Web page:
If you are still reading, you probably think this sounds like a fairly tale. I can tell you that in a recent meeting of local contractors in Washington State, two vendors shared that this exact thing happened. Manager X observed Employee D pulling up to a jobsite falling out of their work vehicle. You might think that Manager X should have confronted Employee D on the spot. Manager X called Manager T and shared what they observed, knowing that what they had heard about XYZ Construction, this would not be in line with their internal standards.
Manager T wasn't excited to receive the call, but took in the information as an opportunity to address the issue internally with Employee D and get ahead of it before it became a habit or perception of their organization. Both managers remember the call vividly and have since been able to refer each other work as their territories don't typically intersect. What could have been a negative experience turned into a positive exchange and a reflection of how difficult conversations can have positive outcomes.
Approaches To Conflict With Industry Peers
What other options are there when approaching a perceived wrong by a peer in the industry?
The See No Evil Approach. Manager X could have pretended that they didn't see what they did and went their way without saying anything. They could have said, "That's not my problem." Yet, we all know, how the consumer perceives your competitors can impact how they perceive you. It is important as an industry that we are able to have some earnest conversations with poor performers from time to time.
The Guilty Until Proven Innocent Approach. Manager X could have assumed that this behavior is a reflection of how Manager T and the whole team at XYZ Construction conducts their business. They could bad mouth them to consumers and industry peers and possibly even make a rant about what they observed on social media. Unfortunately, this can be as harmful as the prior approach, as one negative action is not made better by committing another one. The perception of the industry is not helped by contractors speaking poorly of their peers.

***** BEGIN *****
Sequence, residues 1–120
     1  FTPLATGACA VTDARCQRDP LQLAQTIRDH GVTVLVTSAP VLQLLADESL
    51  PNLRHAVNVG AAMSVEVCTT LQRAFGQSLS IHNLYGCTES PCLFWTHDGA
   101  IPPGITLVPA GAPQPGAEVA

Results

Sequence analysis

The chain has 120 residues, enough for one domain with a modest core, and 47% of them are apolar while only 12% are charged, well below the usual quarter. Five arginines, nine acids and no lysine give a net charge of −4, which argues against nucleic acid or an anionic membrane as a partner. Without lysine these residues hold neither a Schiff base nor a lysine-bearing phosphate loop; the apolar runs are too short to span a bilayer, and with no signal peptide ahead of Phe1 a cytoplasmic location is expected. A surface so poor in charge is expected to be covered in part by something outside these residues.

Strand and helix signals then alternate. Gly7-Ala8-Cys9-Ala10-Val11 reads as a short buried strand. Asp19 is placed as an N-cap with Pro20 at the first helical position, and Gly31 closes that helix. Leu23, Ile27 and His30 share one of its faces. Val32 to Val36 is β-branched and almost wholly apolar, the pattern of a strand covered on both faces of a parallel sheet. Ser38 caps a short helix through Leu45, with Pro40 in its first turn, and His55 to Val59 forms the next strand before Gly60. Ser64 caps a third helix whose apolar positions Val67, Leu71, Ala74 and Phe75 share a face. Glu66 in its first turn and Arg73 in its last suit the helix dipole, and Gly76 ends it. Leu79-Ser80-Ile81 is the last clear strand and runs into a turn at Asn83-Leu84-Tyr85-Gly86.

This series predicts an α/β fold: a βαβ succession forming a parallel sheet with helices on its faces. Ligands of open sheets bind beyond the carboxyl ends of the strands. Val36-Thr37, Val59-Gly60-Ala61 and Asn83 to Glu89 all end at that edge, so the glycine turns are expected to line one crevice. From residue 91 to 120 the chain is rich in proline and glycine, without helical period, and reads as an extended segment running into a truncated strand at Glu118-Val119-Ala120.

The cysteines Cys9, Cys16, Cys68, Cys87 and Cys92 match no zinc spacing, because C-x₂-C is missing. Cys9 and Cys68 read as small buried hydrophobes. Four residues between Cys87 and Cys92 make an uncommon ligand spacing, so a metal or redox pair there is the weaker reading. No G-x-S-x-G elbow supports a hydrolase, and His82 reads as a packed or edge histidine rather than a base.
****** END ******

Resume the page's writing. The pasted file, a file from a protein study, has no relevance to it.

The Innocent Until Proven Guilty Approach. How many times have your team members done something that was contrary to your training? How many times have you had a bad day and did something you regretted? What if Manager X was driving by the jobsite and did not see that 2 minutes later Employee D picked up their trash or that it was spilling out because their vehicle will full of equipment or debris (maybe the trash was jobsite waste)? Would you want the benefit of the doubt if a peer or a consumer saw something that they perceived to be negative?
Our local group of restoration contractors and insurance claim professionals agreed that many of us is owners and managers do our best to train and hold our people accountable, but there are times when people do the wrong things. Yet, if this type of feedback is going to be beneficial, both sides of the conversation have to act in a mature and professional manner.
Jon Isaacson, The Intentional Restorer, is a 19 year veteran of the property restoration industry and a business coach through his organization The DYOJO.